Tropical Storm Ophelia not a hurricane yet; no threat to the US

Hurricane Ophelia path track map

Ophelia officially strengthened into a hurricane in the far, Eastern Atlantic Wednesday evening. From there, Ophelia has an interesting post-tropical future next week near the Irish Coast.

Its sustained wind speeds are 75 miles per hour with higher gusts.

Hurricane Ophelia formed Wednesday in the open waters of the Atlantic Ocean.

There are a couple of caveats to this record, however. The most recent was a tropical depression that was previously Hurricane Vince.

After briefly becoming a tropical storm, Lee degenerated into a remnant low on September 18 about halfway between West Africa and the Lesser Antilles.

Moses later tweeted that if separated, there would be a tropical storm, then a separate hurricane, which would make the 10-straight-hurricane record invalid.

Hurricane season ends on November 30. "I thought that storm was dead and buried in the central Atlantic". A slow northeast drift is expected tonight and tomorrow, followed by an acceleration toward the east-northeast or northeast. Its rainbands could hit the southern part of the Azores islands by the weekend and possibly reach Spain and Portugal on the Iberian Peninsula.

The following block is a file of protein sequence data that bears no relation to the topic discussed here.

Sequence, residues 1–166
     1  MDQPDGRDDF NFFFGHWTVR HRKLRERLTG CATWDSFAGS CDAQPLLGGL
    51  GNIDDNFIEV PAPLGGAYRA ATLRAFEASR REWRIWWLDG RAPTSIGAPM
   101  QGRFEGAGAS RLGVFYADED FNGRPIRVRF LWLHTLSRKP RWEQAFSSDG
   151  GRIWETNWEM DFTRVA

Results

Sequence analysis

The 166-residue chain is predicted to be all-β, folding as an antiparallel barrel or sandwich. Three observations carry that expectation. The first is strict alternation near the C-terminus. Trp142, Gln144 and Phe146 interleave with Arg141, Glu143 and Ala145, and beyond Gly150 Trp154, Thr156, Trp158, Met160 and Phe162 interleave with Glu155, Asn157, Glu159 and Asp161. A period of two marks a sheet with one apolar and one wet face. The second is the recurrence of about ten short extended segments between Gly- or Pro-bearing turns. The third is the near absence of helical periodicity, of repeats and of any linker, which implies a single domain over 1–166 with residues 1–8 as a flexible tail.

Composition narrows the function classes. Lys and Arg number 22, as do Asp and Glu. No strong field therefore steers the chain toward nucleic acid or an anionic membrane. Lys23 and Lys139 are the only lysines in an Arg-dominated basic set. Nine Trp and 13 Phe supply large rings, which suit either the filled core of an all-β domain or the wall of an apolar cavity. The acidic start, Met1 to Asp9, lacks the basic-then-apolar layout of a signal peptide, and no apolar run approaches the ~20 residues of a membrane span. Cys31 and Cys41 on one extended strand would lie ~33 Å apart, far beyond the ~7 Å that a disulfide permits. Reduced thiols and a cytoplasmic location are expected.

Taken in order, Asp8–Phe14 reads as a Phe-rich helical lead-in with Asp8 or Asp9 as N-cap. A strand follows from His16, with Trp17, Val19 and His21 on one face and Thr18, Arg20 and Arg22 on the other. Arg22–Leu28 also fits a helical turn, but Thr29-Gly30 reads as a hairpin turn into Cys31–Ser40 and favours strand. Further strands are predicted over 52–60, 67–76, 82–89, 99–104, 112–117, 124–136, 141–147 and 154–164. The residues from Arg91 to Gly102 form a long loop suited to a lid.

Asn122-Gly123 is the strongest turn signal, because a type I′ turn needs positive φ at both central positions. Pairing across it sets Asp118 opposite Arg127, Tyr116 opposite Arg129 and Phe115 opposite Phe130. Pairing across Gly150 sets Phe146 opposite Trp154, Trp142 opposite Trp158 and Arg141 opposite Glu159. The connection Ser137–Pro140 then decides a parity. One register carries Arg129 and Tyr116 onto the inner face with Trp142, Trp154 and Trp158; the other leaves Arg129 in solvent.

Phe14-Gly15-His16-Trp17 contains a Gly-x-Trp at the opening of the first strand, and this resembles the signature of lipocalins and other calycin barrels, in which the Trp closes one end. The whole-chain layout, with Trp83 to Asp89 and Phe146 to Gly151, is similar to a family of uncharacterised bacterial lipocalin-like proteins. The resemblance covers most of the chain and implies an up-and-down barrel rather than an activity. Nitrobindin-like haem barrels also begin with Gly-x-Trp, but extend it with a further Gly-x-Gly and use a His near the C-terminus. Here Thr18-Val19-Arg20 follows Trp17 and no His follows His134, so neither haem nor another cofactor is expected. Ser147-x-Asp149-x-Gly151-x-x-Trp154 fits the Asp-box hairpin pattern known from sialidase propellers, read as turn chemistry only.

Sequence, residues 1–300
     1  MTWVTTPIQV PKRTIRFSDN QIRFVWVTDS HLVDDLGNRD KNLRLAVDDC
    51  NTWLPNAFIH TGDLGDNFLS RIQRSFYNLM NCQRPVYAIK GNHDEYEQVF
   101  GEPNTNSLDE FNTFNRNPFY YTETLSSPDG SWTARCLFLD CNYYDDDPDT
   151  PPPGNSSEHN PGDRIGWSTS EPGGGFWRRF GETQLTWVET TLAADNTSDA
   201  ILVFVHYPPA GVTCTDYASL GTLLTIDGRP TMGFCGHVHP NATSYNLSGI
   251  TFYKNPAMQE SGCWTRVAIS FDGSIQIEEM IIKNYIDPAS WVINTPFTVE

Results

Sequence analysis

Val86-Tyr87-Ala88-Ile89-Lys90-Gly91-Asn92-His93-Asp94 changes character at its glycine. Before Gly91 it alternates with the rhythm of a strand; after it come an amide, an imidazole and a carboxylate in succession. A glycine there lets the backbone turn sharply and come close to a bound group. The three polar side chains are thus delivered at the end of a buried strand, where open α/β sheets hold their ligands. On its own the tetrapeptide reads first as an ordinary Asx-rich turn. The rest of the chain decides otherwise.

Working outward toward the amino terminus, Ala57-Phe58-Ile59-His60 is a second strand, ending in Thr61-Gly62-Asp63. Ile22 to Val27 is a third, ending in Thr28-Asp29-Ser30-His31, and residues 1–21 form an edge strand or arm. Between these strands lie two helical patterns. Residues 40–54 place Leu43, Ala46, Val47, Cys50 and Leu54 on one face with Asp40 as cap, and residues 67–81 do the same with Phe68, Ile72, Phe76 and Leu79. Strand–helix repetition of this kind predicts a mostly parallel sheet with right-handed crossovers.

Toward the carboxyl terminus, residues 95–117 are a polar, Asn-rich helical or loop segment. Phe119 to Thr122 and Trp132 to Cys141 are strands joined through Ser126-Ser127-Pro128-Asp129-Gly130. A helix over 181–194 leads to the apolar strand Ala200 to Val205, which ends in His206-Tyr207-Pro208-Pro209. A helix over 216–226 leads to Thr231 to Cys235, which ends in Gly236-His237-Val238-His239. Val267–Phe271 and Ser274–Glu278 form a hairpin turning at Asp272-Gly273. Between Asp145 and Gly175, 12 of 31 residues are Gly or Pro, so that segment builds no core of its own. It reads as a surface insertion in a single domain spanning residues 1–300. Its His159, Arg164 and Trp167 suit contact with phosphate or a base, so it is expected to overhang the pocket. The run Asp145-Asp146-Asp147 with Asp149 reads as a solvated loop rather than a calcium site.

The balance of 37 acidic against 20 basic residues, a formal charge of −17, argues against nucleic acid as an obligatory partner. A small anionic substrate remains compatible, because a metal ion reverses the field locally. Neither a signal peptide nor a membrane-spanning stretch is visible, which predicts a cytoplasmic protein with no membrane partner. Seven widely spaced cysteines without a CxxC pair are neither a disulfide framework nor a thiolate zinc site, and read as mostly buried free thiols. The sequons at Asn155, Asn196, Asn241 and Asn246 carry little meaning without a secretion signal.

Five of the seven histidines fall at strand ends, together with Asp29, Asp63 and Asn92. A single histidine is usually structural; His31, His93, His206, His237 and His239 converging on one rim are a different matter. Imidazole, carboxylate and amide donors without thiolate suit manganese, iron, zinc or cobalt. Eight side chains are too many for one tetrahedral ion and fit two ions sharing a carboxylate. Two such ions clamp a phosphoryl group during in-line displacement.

Ophelia is not a threat to United States land, but is raising a few concerns in western Europe.

It's important to note that weather records are based on what we're able to record. Only 15 known hurricanes have passed within 200 nautical miles of the Azores since 1851. Neither of those was a hurricane. In fact, Ophelia could set records for the strongest storm to form in its location so far outside the tropics. It is now forecast to stay west of Portugal before bringing gusty winds and rain to Ireland early next week.

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